While Kurt Russell is always a reliable actor, “Death Proof” is hands down one of his greatest screen performances. “Death Proof” is sexy, dangerous, violent, great dialogue and conversation exchanges, with one of the best car crashes ever choreographed on film. This is classic Tarantino.

#2 – Pulp Fiction (1994)

Most overrated Tarantino film? You bet. But as overrated as it may be, it’s one of the most influential films of the 1990s. “Pulp Fiction” is a mix of neo noir thrills, pitch perfect dialogue (the most quotable of his films) and filled with sharp black humor, and a true product of 90’s pop culture.

Given a much bigger budget from his first film “Reservoir Dogs”. This is the work of someone talented, smart and thrilled to be making movies, giving us memorable sequence after sequence that no one else can put on film. It feels like a reinvention in film that comes at you like a blindsided punch in the gut. 

John Travolta and Samuel L. Jackson lead one of the greatest ensemble casts of all time, including: Uma Thurman, Harvey Keitel, Bruce Willis, Ving Rhames, Tim Roth and Amanda Plummer. Travolta and Jackson are terrific as talkative hit men who have amusing banter between each other and Jackson is given one of the best film monologues (the interrogation scene in the apartment), while Travolta has one of the most iconic movie scenes (stabbing the needle in Uma Thurman’s heart, which features a scene stealing Eric Stolz and Travolta and Uma’s Jack Rabbit dance scene). 

This is Tarantino at his best writing that could easily compare to anything David Mamet has written and that includes the ensemble casted “Glengarry Glenross”. He continually for two and half hours prepares us for one thing and then delivers another. Tarantino gives us the familiar but with a twist.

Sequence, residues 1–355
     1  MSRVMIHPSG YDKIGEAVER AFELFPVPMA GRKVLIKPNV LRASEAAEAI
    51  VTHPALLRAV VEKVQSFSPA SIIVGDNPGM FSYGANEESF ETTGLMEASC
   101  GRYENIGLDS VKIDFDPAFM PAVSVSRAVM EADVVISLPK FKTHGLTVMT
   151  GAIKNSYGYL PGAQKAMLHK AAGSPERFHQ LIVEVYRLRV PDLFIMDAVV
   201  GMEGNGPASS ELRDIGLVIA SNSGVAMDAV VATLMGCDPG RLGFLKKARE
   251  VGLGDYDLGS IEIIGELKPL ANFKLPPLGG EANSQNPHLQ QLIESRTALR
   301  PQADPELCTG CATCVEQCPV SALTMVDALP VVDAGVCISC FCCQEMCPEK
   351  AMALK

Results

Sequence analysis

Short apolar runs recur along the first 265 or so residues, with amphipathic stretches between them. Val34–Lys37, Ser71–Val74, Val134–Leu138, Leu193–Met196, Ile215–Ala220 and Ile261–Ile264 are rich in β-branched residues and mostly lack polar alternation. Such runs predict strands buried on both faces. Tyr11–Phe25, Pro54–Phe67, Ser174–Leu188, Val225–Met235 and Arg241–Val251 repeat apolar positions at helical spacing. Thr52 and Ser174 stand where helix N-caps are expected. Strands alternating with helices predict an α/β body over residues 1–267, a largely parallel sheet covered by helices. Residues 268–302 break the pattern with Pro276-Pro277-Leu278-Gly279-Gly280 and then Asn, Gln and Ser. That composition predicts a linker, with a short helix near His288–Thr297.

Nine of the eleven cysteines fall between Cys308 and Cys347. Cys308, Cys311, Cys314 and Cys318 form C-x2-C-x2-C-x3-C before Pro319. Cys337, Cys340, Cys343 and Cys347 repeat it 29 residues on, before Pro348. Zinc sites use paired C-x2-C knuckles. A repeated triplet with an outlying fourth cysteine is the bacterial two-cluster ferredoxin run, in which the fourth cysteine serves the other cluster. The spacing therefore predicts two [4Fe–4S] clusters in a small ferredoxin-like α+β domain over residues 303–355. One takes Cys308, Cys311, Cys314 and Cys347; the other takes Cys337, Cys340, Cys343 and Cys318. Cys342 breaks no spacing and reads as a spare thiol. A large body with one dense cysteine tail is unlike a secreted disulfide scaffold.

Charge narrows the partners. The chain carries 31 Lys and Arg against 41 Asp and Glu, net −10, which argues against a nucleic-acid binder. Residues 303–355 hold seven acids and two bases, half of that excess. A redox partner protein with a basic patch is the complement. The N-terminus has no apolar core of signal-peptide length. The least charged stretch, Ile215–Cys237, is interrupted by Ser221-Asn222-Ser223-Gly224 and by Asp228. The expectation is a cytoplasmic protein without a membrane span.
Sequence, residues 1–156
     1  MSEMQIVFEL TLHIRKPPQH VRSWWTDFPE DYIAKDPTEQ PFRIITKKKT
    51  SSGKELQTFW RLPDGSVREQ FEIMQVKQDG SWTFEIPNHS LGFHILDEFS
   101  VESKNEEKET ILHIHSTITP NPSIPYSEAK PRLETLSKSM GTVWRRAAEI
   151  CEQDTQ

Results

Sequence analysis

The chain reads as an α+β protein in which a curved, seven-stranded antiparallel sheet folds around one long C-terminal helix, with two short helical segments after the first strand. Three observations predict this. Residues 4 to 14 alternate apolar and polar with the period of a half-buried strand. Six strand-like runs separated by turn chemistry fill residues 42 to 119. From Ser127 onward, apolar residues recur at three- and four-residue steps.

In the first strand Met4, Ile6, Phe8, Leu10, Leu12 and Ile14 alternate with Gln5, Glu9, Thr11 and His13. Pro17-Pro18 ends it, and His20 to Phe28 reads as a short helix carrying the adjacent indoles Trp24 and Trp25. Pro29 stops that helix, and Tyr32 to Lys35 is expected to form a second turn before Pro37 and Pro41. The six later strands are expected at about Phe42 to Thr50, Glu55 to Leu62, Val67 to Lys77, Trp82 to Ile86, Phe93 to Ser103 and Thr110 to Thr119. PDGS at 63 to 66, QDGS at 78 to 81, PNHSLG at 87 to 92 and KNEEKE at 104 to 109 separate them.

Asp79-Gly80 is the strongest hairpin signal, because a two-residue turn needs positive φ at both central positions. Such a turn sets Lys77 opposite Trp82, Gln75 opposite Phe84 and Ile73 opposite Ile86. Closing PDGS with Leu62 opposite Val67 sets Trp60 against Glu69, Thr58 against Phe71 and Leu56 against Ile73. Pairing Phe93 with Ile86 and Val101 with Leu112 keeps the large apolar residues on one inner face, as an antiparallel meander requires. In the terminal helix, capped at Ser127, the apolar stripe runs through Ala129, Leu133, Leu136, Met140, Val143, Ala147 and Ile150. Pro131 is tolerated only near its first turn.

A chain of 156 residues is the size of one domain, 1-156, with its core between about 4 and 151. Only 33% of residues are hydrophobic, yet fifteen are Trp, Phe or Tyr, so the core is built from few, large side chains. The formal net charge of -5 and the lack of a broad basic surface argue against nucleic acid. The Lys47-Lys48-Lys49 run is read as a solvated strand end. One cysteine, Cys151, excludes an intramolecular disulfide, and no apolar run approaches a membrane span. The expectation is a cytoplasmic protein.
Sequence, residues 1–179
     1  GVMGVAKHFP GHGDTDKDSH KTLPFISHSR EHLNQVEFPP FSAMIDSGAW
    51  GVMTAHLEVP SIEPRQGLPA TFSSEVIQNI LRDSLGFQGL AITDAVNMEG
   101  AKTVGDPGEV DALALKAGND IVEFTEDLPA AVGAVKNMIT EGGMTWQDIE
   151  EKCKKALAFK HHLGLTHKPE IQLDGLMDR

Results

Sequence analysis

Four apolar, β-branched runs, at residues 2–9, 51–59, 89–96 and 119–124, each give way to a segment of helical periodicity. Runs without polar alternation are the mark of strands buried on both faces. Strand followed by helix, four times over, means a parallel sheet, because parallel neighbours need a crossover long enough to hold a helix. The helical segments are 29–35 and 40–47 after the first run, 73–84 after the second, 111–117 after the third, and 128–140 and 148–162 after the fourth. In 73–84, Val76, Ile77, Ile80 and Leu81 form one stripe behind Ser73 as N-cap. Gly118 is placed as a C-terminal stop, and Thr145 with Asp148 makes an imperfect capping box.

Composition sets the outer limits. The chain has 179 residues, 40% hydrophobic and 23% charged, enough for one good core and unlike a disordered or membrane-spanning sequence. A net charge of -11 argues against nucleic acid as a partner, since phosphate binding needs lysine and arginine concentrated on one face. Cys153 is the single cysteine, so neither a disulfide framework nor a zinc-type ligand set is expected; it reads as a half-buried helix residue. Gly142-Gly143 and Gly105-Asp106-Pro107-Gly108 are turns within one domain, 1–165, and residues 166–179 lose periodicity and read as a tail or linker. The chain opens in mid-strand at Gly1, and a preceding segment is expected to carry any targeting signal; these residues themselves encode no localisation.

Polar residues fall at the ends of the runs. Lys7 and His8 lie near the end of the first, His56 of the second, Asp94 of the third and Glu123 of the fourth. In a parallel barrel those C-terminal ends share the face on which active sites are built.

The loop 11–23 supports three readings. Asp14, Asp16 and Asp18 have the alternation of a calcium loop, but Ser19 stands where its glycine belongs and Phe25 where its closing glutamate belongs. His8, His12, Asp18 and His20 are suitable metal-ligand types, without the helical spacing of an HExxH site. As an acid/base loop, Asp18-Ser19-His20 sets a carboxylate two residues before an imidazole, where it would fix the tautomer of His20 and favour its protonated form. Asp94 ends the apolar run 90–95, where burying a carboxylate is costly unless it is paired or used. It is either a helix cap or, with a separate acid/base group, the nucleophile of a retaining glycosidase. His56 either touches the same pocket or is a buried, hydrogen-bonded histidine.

•Winner of the Oscar for Best Original Screenplay and the Palme d’ Or for Best Picture at the Cannes Film Festival

#1 – Django Unchained (2012)

“Django Unchained” is Quentin Tarantino’s masterpiece, no question. His way of storytelling ability is unmatched here, both story and his dialogue is his best writing since “Pulp Fiction”. 

“Django Unchained” is everything you want a movie to be: a kick-ass tale of revenge with amazing performances from its leads, smart and trademark Tarantino dialogue punctuated by no holds barred ultra-violent action in a frantic guns-a-blazin spaghetti western spectacle, in homage to one of the great filmmakers and Tarantino’s inspiration Sergio Leone.

Christoph Waltz won his second Oscar (his first Oscar win coming from Tarantino’s “Inglorious Basterds”) playing Dr. King Schultz and provides “Django” with the true heart and soul of the film. Jamie Foxx hits the right notes as the title character Django, while DiCaprio is a revelation as villain Calvin Candie. DiCaprio is clearly having fun playing way against type. His performance is stuff of legends. 

Tarantino orchestrates the bloodiest western since “The Wild Bunch” and the most visually stylish since “The Good, The Bad & The Ugly”. It’s a powerful, dazzling, bold, beautiful and insanely entertaining masterpiece that is a sheer delight.

•Winner of two Oscars for Best Original Screenplay and Best Supporting Actor (Christoph Waltz)

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About Aron Medeiros

Aron Medeiros
Aron Medeiros lives on the beautiful island of Maui. He is a member of The Hawaii Film Critics Society, movie critic for Maui Watch, a commentator and cast member of the NerdWatch pod cast. He is a 2003 graduate from King Kekaulike High School. His favorite film of all time is “Back To The Future”. He has worked at Consolidated Kaahumanu Theaters for nearly 13 years as a Sales Associate and making his way up to Assistant Manager. He has loved movies since he was a young boy, learning about movies from his Grandfather and being self taught.